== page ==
Commercially speaking, the cost of relocating or repatriating returns around the world has become a major issue in day-to-day operational costs, where airfreight rates are sitting at 500-800% higher than pre-COVID days. Sea Freighting returns, while an option, means you have stock losing value on a vessel for 4-8 weeks depending on origin/destination. It’s not known with any certainty when the airlines and shipping lines will stabilize, but it certainly means that companies need to look at a better process than trying to save a few cents through negotiations.

Domestically in each country, having sustainable and varied options that can scale continues to be an issue in countries like Australia, New Zealand, Canada and throughout Asia. As a whole, the service industry needs to continue evolving and innovating to give commercially viable, frictionless options throughout the world for retailers and consumers. There has been some alignment between competing businesses recently that has ultimately seen a shift in thinking towards a better overall offering to the market. Co-opetition between frenemies is something that we will see far more of in the returns space.

How Retailers Can Optimize Returns

When asked what advice he has for retailers, Justin brought up a number of aspects, with the most reassuring one being that there is no one-size-fits-all approach to returns management. The key is to look to the respective industry for what is the new best-in-class offering, stay informed, but ensure that the business can sustain the strategies financially.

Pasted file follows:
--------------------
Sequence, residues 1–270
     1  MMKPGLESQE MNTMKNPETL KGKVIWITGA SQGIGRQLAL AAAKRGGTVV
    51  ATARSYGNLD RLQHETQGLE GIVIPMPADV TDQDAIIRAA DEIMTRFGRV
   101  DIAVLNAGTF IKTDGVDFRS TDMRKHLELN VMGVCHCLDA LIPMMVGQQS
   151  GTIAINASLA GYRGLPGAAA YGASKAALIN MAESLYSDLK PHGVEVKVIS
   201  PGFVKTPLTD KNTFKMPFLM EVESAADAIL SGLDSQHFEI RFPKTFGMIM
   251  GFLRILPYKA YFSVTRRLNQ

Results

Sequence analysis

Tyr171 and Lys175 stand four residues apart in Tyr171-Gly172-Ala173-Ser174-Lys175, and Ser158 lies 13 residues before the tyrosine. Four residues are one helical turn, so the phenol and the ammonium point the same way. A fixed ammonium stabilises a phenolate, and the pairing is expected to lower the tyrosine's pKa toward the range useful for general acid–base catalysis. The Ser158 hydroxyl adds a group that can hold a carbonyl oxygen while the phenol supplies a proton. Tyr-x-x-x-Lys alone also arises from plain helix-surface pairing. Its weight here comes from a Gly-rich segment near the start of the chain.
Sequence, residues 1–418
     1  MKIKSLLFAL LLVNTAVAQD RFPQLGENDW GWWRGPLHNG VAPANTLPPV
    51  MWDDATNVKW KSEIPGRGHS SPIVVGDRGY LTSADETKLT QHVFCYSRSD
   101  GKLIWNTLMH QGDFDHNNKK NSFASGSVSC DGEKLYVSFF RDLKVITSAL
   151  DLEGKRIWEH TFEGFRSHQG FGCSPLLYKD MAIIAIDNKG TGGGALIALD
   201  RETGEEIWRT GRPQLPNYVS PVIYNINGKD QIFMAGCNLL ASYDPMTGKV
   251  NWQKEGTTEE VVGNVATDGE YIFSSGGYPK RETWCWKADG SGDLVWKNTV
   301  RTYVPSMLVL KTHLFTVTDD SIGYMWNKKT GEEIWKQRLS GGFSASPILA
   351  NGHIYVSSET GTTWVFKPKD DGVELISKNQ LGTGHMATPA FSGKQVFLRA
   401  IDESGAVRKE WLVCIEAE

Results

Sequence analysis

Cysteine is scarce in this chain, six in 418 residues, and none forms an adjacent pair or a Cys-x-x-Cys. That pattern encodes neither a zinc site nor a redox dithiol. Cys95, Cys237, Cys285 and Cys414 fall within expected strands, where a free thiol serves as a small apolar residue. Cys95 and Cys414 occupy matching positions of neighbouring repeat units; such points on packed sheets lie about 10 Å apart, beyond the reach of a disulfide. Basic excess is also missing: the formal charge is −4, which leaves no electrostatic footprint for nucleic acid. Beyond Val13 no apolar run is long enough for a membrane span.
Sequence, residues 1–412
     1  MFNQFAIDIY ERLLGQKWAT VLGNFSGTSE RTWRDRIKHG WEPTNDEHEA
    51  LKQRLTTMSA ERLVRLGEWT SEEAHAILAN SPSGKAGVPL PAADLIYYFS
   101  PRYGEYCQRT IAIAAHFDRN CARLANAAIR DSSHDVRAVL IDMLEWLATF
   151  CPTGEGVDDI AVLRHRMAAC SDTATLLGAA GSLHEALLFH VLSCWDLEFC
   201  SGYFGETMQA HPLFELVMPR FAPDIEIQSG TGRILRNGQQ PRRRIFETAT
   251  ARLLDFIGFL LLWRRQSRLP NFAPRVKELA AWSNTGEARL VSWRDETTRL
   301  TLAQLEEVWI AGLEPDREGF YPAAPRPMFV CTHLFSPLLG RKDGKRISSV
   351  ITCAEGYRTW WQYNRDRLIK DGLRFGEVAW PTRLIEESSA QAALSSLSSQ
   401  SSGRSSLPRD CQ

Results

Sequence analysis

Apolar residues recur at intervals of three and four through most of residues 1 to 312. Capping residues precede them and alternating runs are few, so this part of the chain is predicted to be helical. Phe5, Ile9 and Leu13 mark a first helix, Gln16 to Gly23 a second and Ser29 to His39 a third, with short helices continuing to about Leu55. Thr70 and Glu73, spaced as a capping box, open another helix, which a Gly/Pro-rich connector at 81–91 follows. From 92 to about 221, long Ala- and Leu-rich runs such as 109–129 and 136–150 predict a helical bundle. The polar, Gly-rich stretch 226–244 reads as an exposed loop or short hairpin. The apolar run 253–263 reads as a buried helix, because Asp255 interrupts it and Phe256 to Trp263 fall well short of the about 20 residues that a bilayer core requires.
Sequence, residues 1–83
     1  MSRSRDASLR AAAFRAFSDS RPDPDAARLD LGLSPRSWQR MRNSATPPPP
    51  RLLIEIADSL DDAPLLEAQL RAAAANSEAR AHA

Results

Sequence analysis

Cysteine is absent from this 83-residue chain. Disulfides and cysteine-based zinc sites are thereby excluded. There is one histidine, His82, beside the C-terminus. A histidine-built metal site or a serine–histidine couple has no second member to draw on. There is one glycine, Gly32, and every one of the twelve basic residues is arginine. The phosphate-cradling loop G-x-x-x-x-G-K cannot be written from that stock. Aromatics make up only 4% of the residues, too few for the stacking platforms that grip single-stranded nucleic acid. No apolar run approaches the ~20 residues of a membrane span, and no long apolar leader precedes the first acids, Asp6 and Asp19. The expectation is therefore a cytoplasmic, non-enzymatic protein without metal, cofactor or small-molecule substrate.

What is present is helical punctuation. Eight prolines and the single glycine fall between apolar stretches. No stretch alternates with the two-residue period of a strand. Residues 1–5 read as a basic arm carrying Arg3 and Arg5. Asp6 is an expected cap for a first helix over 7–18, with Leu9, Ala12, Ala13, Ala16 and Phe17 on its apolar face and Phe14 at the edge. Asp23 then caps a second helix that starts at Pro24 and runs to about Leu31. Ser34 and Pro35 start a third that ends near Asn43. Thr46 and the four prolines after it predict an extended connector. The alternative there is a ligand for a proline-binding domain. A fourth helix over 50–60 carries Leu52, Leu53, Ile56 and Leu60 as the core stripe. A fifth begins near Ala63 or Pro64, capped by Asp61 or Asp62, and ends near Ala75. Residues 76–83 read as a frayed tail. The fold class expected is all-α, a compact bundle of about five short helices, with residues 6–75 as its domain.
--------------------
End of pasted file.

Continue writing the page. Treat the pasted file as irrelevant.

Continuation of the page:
Some elements to take into account are as follows:

  • Providing exchanges as part of your digital solution on your front-end portal 

  • Offering both pick-up and drop-off (PUDO) options for returns

  • Having the right operational partners to meet local customer expectations

  • Limiting returns for low-value products

  • Ramping up your recommerce strategy

Last but not least, measure for success! Know where you are now on Net Promoter Score (NPS) or Customer Satisfaction Score (CSAT) on returns specifically, customer lifetime value, repurchase rates, as minimum markers that are reviewed after implementing new initiatives. Commercial savings are easy to benchmark, but the true benefit of a good returns solution is about driving customer retention. Keeping a customer for 2-3 more purchases for $10 a return is certainly a lot cheaper than acquiring 2-3 more customers that only purchase once!

The Way Forward with E-Commerce Returns

Handling outbound logistics is a challenge as it is, but if 1 in 5 goods you deliver are sent back, it becomes a massive and costly operational challenge. While it is not compulsory for companies to invest in expensive product return management software, the lack of proper planning can slow down the delivery fleet and adversely affect customer satisfaction. With the right investments in technology solutions, retailers can ensure complete transparency of the e-commerce returns process across every aspect of the supply chain.

About Justin Irvine

Justin is a 28-year veteran of the freight and logistics industry who has spent the last 12 years building and selling e-commerce services and products. With his delivery and returns initiatives around the world, he has changed global thinking in the e-commerce scene including the way e-tailers view their customers’ journey.

Justin is a proud New Zealander that gets to call many regions around the world home, and from this extensive travel, drives a truly global best practice in the products he takes to market. Justin’s current role sees him moving to the USA full-time to join the SEKO Ecommerce leadership team to further develop and drive change through SEKO’s delivery suite in the US.